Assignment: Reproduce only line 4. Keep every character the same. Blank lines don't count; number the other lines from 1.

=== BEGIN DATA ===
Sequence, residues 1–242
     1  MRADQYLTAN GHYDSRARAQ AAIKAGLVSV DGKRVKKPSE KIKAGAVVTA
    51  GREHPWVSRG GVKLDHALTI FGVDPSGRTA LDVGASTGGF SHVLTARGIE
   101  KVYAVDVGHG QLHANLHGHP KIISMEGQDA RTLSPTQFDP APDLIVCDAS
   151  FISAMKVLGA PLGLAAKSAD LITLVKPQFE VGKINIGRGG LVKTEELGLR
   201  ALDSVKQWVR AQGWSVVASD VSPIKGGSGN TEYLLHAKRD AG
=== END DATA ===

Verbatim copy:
   101  KVYAVDVGHG QLHANLHGHP KIISMEGQDA RTLSPTQFDP APDLIVCDAS